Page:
M E D I A W A T C H    S E R I E S
Marko Zajc, Janez Polajnar
Ours and Yours
Tanja Petrović
A long way home
Brankica Petković, Marko Prpič, Neva Nahtigal, Sandra Bašić-Hrvatin
Media Preferences and Perceptions
Mitja Velikonja
Sandra Bašić-Hrvatin, Brankica Petković
You call this a media market?
Brankica Petković, Sandra Bašić-Hrvatin, Lenart J. Kučić, Iztok Jurančič, Marko Prpič, Roman Kuhar
Media for Citizens
Mitja Velikonja
Jernej Rovšek
The Private and the Public in the Media
Sandra Bašić-Hrvatin, Lenart J. Kučić, Brankica Petković
Media Ownership
Roman Kuhar
Media Representations of Homosexuality
Dragan Petrovec
Violence in the Media
Majda Hrženjak, Ksenija H. Vidmar, Zalka Drglin, Valerija Vendramin, Jerca Legan
Making Her Up
Gojko Bervar
Freedom of Non-accountability
Sandra Bašić-Hrvatin
Serving the State or the Public
Sandra Bašić-Hrvatin, Marko Milosavljević
Media Policy in Slovenia in the 1990s
Breda Luthar, Tonči Kuzmanić, Srečo Dragoš, Mitja Velikonja, Sandra Bašić-Hrvatin, Lenart J. Kučić
The Victory of the Imaginary Left
Matevž Krivic, Simona Zatler
Freedom of the Press and Personal Rights
Karmen Erjavec, Sandra Bašić-Hrvatin, Barbara Kelbl
We About the Roma
Tonči Kuzmanić
Hate-speech in Slovenia
Darren Purcell
The Slovenian State on the Internet
Breda Luthar
The Politics of Tele-tabloids
Marjeta Doupona Horvat, Jef Verschueren, Igor Ž. Žagar
The Pragmatics of Legitimation

Sandra Bašić-Hrvatin, Marko Milosavljević
Media Policy in Slovenia in the 1990s
Regulation, Privatization, Concentration and Commercialization of the Media

eBook (600kB, pdf)

During the 1990s the Slovene media were significantly affected by political changes. The events that most influenced the media world of the nineties were the introduction of the new media law (arguments and discussions about the media law in Slovenia have again become topical ten years later), the privatization of the media, liberalization of the print media market and superficial regulation of the broadcasting market, media monopolization and commercialization. These events are the subject of the analysis in this essay.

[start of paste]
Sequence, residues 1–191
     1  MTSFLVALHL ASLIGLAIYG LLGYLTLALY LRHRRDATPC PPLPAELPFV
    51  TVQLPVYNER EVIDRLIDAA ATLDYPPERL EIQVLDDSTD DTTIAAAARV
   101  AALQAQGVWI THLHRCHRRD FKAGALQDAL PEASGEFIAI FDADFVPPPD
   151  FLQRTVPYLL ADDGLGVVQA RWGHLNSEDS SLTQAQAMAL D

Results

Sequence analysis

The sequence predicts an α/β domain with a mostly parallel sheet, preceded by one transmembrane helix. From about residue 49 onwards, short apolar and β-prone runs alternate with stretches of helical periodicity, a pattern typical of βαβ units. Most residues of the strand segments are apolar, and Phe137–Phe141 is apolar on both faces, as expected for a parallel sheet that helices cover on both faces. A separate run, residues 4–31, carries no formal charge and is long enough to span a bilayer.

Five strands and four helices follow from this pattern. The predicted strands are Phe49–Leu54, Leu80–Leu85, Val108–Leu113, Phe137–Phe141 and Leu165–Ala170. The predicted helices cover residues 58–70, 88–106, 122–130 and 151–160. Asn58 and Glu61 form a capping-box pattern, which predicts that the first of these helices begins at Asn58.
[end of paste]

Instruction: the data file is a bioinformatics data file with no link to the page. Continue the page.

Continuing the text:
The Slovene media market is small, so relatively modest financial resources suffice to establish control over it (especially in comparison with the sums involved in the takeovers and acquisitions in other European countries). Before the process of media privatization got underway, the Slovene state expected the invasion of large European and American corporations, similar to what has happened in some other countries in transition. One decade later it is possible to conclude instead that a small number of local owners with stakes in numerous affiliated companies control the major part of the Slovene media market. The concentration is still in progress, while cross-ownership ties remain unchanged. It is obvious that the state, or rather its supervising institutions, do not have any mechanism (and no interest) to introduce order into this field.

Moreover, the legislative body has overlooked another important fact, namely that privatization has nothing to do with the ethics of the media operation, and even less so with the accountability of the media to the public. The democratic and plural media, which were expected to be secured through the Mass Media Act of 1994, proved to have a high price. In democratic societies the prevention of media monopolization is the responsibility of the state. However, in a system which is subject to voluntary steps by the state, market and new owners, that is to say, in which there are no legal and financial conditions for plurality of the media, it is not possible to talk of media freedom.

The story of introducing firstly the Mass Media Act that came into force in 1994 and then the Mass Media Act of 2001 brings to light the state’s attitude towards the media deregulation. In the beginning of the 1990s, the basic dilemmas revolved around the questions of whether a law on the media was needed at all, and what kind of law it should be. Once in force, the law proved to be deficient. Insufficient supervision of the implementation of the deficient law thus resulted in a non-transparent concentration of media ownership and numerous violations of the law for which, unfortunately, there were no sanctions.

The first changes to the Mass Media Act of 1994 were proposed in 1997 followed by four years of debate before the Mass Media Act, which replaced the former law, came into force. It treats certain areas (for example, the interests of the state) in minute detail, while others (for example the interests of citizens) are dealt with only loosely. On the other hand, the fundamental question posed over the past decade remains unchanged and, more importantly, unanswered. This question is: What kind of the media policy does the state actually support?